Dial M For Murder 3D Remastered (Alfred Hitchcock, US) The digitally remastered re-release of Alfred Hitchcock's only 3D production was introduced by none other than film historian David Bordwell, whose introductory textbooks Film Art (1979) and Film History (1994) have shaped countless film students. After an insightful Hitchcock introduction that left me feeling as if I had downloaded an entire book to my central nervous system in only 12 minutes, the 4K, 3D digital restoration began.
What was most exciting about this often-dismissed Hitchcock flick (aside from the highly effective 3D itself) was recognizing how incorrect critics in 1954 had been when they complained about how pathetic the 3D was utilized. Re-evaluating Dial M For Murder in the present 3D age, it is overwhelmingly clear that Hitchcock understood the complexity of his technique; instead of overusing the "in your face" gimmick he directed his attention toward utilizing the depth of the sets and perfectly placed props near the camera. Fifty-eight years later, even one of Hitchcock's "lesser" films (even according to himself) is still paving the road for future films and filmmakers.
Frances Ha (Noah Baumbach, US) The adorably awkward Greta Gerwig has been this generation's "It Girl" since arriving on the indie scene in 2006 by way of director Joe Swanberg's LOL. Frances Ha has given her what should prove to be her defining role in Noah Baumbach's equally effervescent effort.
Baumbach's mumblecore-anticipating, French New Wave-inspired films — Kicking and Screaming (1995), Mr. Jealousy (1997), The Squid and the Whale (2005), Margot at the Wedding (2007), and Greenberg (2010) — showcase flawed characters who some find so intolerable that watching a Baumbach film feels like getting stuck at an upper-class dinner party with the most unlikable people on the planet. But as in a Coen Brothers or Woody Allen film, these characters' ugly truths are the key to what makes them so memorable.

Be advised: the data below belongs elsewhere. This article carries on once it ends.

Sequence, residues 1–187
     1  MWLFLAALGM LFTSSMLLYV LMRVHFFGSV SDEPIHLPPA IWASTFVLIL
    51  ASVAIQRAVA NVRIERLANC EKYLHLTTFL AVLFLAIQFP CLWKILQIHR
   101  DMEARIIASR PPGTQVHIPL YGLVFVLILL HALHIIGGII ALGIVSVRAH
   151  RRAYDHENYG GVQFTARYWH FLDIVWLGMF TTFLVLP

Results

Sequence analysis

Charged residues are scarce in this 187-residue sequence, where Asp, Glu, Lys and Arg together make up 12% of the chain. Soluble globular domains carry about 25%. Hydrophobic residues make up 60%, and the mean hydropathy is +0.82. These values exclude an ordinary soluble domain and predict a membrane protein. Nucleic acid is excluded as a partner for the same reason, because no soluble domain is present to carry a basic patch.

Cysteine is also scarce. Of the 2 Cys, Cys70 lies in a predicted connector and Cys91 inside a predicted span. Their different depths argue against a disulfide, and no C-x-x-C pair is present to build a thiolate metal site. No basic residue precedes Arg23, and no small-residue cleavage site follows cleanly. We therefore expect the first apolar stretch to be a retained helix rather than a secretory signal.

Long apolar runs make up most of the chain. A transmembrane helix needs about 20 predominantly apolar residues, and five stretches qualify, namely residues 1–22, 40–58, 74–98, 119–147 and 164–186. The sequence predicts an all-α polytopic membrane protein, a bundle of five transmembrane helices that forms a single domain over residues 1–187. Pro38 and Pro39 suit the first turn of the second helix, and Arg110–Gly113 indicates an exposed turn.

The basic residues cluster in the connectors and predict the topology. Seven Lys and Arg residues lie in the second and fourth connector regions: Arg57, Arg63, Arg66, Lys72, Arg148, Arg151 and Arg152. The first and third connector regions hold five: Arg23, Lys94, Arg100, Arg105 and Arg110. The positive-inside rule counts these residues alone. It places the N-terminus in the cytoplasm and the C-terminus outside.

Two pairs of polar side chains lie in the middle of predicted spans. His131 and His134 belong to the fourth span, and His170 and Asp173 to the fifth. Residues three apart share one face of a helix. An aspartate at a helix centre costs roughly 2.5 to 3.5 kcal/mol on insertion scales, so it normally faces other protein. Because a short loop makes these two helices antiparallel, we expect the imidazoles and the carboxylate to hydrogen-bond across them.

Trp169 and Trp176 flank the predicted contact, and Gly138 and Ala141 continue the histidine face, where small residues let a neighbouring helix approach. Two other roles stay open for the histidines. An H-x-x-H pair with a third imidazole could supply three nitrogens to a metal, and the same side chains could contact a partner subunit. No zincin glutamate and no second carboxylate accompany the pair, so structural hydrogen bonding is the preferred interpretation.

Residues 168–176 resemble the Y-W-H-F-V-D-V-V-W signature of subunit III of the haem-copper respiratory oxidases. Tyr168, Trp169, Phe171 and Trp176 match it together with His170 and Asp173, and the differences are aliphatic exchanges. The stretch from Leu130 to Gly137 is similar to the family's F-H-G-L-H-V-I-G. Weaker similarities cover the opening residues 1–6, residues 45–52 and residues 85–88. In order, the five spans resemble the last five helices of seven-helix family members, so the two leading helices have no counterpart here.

In fact, it's why all of Baumbach's films have struck such a chord with me for 15-plus years. I keep seeing my own personality pitfalls in these Gen X-ers' self-destructive decisions (I will literally say out loud, "I just pulled a Greenberg.") And Frances Ha's hilarious train-of-thought odyssey is as profound as it is whimsical. With a cast pulled straight out of Lena Dunham's HBO series Girls and added to the glorious black and white cinematography by Sam Levy (2008's Wendy and Lucy), this ode to Allen's Manhattan (1979) most definitely will make it to the top of a ton of critic's lists. But more importantly you'll find yourself thinking about the film as it relates to the most embarrassing moments of your own life.
The Act of Killing (Joshua Oppenheimer, Denmark) Easily one of the most horrific and disturbing films ever made, and what's even more frightening is that it's a documentary. I have tried to explain this film to numerous people since being utterly transfixed and totally destroyed by it and often I see an odd glaze creep across the listener's eyes. Filmed over a six-year period in Indonesia by filmmaker Joshua Oppenheimer, The Act of Killing plays out like a misanthropic satire, where the characters are so honest about their pure apathy towards other human lives that you as a viewer become unaware of what psychological quicksand lies ahead.